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  1. Curtis Edmark | May 16, 2013

    This reminds me of the episode of the original Bob Newhart show where Bob is having a life crisis because he thinks his profession as a psychologist is a waste; that he is not helping anyone. He goes to his old college professor played by Keenan Wynn to get a pep talk. What does his professor tell him: "It's all a crock!" So the Fed is all a crock too, huh??

  2. RePete | May 16, 2013

    And the hole keeps getting dug deeper and deeper. The big bank losses have been transferred to the citizens, indirectly, or directly as in the case of Cyprus. Now the worlds advanced economies are at the point of trying to save their currencies. The end result is massive unemployment, deflation in wages, huge social safety net cost increases, devaluation of currencies, and central banks that are running out of ammunition.

  3. CONTINENTAL ILLINOIS | May 16, 2013

    To say that Continental Illinois was a "hot money" institution is not entirely accurate. The bank was more dependent on the wholesale money markets than it should have been – however the reason for that was that the State of Illinois forbade branch banking, so Continental Illinois, as it grew to be the biggest bank in the American Midwest, also grew to be "the biggest bank in the world under one roof" (at 231 South LaSalle Street, Chicago, Illinois) in the words of author James P. McCollom (The Continental Affair – The Rise and Fall of Continental Illinois Bank), an excellent book. By law barred from growing a network of branches in Illinois, the bank had to depend on institutional money market funding sources, which are not as reliable as branch depositor relationships. Today, with the trademark and goodwill of Continental Illinois recently having been sold to private interests, Continental Illinois "Conti" is back, for the time being not as a bank but as a corporation. See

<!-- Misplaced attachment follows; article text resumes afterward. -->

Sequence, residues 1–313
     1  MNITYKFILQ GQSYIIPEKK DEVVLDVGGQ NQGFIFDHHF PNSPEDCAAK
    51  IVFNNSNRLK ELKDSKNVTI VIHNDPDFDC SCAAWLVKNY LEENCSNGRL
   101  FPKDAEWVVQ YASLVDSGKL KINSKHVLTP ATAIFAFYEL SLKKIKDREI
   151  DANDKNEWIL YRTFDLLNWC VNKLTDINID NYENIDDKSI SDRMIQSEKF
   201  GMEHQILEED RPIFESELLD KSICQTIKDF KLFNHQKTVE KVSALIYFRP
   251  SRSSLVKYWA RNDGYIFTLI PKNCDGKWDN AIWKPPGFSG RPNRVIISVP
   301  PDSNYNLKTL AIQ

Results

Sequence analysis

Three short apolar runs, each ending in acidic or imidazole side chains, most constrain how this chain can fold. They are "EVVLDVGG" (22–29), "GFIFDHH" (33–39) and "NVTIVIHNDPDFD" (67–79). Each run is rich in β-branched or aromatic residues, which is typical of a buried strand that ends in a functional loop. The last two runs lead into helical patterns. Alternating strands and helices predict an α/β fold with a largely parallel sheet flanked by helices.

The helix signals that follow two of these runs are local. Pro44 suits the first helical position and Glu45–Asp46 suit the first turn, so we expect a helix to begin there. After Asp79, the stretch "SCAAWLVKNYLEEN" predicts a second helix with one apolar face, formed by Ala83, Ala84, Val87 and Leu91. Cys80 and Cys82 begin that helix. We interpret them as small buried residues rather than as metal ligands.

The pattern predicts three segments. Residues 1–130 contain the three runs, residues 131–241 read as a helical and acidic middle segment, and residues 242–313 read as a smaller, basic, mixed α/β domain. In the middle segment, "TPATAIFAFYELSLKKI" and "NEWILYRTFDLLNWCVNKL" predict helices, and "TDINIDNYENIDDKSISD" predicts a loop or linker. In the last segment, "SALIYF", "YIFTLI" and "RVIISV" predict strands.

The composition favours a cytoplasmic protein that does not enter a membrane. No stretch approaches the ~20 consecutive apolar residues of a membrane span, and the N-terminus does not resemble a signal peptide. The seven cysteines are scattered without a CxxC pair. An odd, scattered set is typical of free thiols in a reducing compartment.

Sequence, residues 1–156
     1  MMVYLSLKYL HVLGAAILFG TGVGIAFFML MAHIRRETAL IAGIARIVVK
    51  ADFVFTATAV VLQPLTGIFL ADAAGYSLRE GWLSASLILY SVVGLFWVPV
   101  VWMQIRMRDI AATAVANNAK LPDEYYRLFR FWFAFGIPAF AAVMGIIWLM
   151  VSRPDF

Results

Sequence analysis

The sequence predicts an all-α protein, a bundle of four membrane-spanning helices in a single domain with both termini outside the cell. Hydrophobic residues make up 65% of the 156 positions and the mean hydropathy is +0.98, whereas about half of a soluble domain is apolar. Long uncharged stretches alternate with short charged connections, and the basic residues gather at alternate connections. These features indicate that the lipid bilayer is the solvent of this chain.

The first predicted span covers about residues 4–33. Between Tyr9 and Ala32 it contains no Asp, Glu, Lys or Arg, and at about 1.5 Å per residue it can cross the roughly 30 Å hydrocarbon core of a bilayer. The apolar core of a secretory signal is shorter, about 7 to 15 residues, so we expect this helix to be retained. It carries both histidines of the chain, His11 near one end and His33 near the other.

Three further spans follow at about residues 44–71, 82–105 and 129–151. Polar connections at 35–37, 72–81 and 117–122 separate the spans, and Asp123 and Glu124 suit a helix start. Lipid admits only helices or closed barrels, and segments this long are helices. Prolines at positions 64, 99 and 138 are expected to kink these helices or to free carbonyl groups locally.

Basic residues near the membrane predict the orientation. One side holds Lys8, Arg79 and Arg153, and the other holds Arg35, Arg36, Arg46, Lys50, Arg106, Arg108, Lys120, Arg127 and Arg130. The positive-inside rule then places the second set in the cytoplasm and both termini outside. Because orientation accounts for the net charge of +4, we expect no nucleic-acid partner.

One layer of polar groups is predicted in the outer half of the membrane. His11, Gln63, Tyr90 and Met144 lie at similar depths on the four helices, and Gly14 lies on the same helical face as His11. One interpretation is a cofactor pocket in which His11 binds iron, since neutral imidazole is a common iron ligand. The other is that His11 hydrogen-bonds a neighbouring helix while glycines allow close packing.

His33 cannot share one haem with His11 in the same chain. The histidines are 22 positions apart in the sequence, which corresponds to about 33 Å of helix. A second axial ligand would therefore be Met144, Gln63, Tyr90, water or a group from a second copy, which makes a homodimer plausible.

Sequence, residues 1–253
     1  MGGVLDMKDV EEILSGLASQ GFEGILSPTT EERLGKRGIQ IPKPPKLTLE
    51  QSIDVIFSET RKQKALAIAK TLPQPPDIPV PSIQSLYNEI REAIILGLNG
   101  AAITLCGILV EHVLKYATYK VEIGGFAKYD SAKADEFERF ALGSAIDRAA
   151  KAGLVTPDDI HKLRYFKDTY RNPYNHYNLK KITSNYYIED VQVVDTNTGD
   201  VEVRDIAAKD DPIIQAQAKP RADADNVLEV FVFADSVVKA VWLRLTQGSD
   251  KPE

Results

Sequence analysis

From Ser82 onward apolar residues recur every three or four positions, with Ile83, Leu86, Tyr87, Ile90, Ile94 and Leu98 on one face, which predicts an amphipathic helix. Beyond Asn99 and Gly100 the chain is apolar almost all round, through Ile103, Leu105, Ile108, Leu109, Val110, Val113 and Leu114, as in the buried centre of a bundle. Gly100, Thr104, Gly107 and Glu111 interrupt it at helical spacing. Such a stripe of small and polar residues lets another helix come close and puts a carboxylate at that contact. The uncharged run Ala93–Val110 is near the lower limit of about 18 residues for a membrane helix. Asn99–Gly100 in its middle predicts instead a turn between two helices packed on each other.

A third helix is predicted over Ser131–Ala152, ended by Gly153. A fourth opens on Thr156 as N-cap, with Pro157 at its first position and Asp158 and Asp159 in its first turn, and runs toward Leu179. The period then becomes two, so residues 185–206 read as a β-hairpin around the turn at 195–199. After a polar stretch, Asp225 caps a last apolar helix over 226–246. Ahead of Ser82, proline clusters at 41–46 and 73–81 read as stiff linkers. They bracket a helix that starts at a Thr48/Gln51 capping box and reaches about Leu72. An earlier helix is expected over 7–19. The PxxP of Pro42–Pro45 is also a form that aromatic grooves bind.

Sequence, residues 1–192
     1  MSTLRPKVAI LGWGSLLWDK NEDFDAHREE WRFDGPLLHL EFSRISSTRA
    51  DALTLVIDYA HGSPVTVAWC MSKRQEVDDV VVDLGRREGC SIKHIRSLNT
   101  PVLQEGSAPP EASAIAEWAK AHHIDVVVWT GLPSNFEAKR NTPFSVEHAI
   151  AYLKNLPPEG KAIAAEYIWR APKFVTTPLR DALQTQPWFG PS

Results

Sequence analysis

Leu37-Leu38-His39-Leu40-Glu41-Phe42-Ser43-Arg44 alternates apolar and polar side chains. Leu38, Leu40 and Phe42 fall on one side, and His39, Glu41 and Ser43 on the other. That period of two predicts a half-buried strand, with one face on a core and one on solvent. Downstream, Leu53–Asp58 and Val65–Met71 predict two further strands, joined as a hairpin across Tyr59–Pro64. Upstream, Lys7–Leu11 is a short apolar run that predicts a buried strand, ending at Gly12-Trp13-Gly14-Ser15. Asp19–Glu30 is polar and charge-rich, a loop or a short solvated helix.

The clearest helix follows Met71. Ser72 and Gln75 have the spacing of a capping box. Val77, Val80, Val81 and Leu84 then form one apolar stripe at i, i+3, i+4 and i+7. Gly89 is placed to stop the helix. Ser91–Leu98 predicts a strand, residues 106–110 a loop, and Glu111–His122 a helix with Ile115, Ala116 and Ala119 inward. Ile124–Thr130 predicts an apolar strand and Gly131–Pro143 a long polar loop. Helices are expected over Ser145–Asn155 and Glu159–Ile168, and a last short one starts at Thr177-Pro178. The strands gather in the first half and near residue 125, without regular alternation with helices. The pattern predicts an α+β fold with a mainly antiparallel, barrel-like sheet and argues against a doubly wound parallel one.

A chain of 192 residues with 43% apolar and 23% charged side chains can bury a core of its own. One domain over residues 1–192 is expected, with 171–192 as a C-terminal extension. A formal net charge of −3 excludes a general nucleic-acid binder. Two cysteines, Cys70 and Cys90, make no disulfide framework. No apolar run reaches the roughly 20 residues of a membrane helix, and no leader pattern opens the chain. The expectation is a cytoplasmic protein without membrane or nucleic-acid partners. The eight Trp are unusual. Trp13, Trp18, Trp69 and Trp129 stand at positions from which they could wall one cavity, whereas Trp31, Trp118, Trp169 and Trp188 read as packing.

4. yngso | September 23, 2013

    Many are saying that Bernankesaved the day in 2008 – and he probably did – at least temporarily.
    Then there are others like Jim Rogers who call him "Helicopter Ben"…